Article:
“There’s no legislation involved [with content marketing]as far as I’m aware, and I’m not particularly sure if the Advertising Standards Authority are involved in any way,” said Lewis. “Because of the nature of the beast, it’s an internal decision, [and]it has worked overseas … in the New York Times.”
He also added that it wouldn’t make sense for the publisher to tarnish the relationship with the reader by publishing something that was deceptive or dishonest.
As content marketing continues to grow in popularity and as more brands use it—either in addition to or in place of conventional advertising—we are likely to see regulations develop over time.
For the time being, Green Cross Health finds itself in the position where it can relatively freely deliver its marketing messages to consumers. But as with any content-based approach, the success of Living Well will largely be determined by how interested readers are in the content being delivered.
StopPress: Why has green cross health decided to take the owned media route? Why is it that you’ve decided to become a publisher?
Brook Milbank: We have decided to partner with tangible media, experts in the owned media space to provide our customers with valuable, relevant content that goes beyond pure product, price promotion. We believe that the owned media route is critical to the success of our re-brand strategy as we continue to add value to our customers. We would love to re-establish the links with our customers as a valued source of information and the first choice for health and wellness advice.
SP: How long has your ‘care + advice’ strategy been running?
BM: We launched our ‘care + advice’ strategy to our group mid 2013 and have been rolling it into market since October 2013, it’s always been our philosophy, we’re just crystallising the conduit.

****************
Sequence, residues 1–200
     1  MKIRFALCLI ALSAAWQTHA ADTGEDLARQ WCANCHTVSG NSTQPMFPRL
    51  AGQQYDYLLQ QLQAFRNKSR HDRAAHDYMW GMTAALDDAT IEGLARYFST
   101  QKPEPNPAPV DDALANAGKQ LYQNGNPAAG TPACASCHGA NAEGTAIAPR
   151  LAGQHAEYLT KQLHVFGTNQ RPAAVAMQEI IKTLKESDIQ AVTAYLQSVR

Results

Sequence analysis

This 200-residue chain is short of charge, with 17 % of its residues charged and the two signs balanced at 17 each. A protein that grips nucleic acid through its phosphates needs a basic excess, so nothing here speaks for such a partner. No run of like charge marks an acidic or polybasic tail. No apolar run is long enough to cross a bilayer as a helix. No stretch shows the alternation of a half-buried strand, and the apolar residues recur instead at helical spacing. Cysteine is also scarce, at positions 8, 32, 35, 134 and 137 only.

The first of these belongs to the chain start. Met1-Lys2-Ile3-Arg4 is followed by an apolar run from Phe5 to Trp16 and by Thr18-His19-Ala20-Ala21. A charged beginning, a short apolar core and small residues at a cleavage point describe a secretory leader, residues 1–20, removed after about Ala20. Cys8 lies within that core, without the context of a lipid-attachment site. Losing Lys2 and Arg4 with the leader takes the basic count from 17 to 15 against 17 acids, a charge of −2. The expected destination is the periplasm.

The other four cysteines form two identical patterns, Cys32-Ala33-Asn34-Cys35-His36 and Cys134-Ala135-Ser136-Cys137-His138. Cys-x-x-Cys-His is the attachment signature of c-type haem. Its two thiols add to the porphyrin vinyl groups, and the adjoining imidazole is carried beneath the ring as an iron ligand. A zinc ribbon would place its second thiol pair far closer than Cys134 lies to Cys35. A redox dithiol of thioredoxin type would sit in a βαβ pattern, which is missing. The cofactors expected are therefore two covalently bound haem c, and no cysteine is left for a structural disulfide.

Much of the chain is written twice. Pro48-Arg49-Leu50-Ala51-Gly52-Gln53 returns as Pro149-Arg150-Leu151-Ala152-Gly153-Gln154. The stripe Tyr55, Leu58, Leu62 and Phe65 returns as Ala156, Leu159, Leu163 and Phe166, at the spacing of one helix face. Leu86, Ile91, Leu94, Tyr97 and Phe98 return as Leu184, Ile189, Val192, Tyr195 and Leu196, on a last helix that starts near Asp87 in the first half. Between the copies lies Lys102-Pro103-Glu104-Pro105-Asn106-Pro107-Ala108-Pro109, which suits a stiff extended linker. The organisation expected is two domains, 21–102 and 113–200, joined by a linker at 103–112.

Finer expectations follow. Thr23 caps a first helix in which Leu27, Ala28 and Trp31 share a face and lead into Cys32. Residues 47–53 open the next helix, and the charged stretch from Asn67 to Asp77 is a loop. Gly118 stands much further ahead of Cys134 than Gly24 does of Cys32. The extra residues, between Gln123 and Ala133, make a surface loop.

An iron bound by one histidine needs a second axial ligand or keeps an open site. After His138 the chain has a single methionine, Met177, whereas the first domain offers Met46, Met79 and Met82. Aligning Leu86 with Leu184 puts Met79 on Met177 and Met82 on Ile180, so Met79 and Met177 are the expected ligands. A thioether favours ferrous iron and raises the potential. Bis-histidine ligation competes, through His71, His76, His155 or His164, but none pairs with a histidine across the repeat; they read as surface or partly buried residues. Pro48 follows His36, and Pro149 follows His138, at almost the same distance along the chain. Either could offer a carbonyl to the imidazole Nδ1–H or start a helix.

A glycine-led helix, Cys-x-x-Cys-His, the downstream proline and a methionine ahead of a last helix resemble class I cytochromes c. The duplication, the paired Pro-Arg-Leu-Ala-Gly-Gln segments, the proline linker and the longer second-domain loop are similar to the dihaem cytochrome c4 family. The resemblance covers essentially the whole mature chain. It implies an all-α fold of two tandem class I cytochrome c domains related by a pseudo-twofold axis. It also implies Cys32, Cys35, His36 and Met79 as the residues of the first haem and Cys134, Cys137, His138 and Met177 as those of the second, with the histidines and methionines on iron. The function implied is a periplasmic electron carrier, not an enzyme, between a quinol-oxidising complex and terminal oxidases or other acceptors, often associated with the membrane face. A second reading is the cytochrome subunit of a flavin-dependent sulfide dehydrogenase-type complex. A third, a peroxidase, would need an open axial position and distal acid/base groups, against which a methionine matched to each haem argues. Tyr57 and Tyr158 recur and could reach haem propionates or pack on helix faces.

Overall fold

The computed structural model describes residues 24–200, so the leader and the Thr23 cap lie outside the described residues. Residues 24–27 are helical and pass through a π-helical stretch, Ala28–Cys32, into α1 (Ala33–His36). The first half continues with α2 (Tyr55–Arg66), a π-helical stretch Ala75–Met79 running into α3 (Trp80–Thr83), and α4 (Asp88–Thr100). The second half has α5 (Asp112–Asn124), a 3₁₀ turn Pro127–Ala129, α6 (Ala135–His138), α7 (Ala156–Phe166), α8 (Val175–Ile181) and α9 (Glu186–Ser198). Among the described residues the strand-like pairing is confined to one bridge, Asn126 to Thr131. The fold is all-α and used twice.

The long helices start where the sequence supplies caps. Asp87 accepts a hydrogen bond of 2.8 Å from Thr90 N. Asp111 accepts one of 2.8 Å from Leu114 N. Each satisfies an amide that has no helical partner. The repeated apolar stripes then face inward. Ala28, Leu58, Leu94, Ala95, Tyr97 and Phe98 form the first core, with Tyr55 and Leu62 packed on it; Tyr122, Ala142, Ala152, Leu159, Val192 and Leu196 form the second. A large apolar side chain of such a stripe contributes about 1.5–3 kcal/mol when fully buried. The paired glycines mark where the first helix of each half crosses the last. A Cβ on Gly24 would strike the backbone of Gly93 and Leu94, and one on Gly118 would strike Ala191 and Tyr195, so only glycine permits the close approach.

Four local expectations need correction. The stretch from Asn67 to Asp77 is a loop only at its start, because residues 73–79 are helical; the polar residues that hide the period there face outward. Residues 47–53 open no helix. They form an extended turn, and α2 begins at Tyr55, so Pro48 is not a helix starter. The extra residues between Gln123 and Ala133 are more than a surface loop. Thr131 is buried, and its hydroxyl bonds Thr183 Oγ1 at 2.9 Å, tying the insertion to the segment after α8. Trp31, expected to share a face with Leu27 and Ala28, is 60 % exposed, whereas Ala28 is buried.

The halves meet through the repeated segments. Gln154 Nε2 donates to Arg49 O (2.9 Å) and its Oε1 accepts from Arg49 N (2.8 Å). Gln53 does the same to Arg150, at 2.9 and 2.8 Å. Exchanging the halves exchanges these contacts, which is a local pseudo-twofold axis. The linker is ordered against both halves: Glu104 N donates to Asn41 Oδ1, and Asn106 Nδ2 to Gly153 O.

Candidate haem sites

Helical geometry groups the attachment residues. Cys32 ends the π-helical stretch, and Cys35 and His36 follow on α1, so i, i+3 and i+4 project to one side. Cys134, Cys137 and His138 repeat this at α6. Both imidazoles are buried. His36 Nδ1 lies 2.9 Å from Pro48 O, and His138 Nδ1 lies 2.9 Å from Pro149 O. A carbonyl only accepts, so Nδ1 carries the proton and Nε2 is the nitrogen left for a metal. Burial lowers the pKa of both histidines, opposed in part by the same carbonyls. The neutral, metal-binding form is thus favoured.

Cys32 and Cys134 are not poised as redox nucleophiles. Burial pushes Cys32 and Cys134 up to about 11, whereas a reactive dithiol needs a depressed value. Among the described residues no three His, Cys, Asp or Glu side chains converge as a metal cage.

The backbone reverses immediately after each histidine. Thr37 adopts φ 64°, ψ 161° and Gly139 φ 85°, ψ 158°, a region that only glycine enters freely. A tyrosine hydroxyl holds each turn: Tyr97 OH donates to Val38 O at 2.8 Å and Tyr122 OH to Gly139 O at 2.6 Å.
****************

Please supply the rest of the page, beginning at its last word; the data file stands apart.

SP: Do you have any other examples of it being it effected elsewhere?
BM: Currently it sits predominantly in our pharmacy business but it is a philosophy we will run through all areas of our primary health care business. How does Living Well incorporate this? Living Well is a way we can bring ‘care + advice’ to life for our customers in a way that works for them, on their terms, not just when they are visiting us. Pharmacists are a key community contact to help people live well and now they can have a piece of this at home with them. Pharmacists are an easily accessible health professional and often undervalued as an excellent source of information. We anticipate that the Living Well magazine will start some great conversations with our valued customers and our talented pharmacists.
SP: What market share does Green Cross Health’s range of pharmacies have? How much has this changed over the last few years?
BM: We are aligned with approximately 300 pharmacies and 42 medical centres in New Zealand and through the association with total care health there are over 120 specialist nurses working throughout north island communities. From a retail perspective we reach over 67 percent of the market and fulfil over 40 percent of New Zealand’s prescriptions on an annual basis.
SP: Given that such an extensive content marketing project can be expensive, which other marketing channels will be reduced as a result of this new initiative? How will the marketing budget be split now?
BM: We believe it’s the combination of marketing vehicles that make our strategy a success, not one at the expense of another. We have predominantly led with a product and price strategy until recently across five pharmacy brands. With our clear, differentiated pharmacy brand direction across the Life and Unichem brands we know we need to be more than purely product and price to engage today’s shoppers. By providing relevant, value add content we can re-engage with our audience and re-establish the role of pharmacy in consumers’ hearts and minds.
SP: Why did you decide to rebrand your pharmacies over the last year? Why was this important at this stage? Is the Living Well project part of this broader rebranding strategy?
BM: The Living Well project is a key component of our re-brand strategy. Previously we have been brand by default rather than brand by design and we haven’t been able to differentiate ourselves in the market from a consumer’s perspective. We now have a unique opportunity to consolidate our retail message through two distinctive brands and really build on what pharmacy means to our customers. Our retail network has actively engaged in this difficult rebrand project and we are excited to see the physical difference as the brands roll out and start to shape the pharmacy market. We are re-establishing the role of pharmacy in the community with 2 clearly differentiated offers of which ‘care + advice’ sits at the heart of it all, it’s our point of difference that we can deliver on.
- Disclosure of interest: StopPress is part of the Tangible Media group.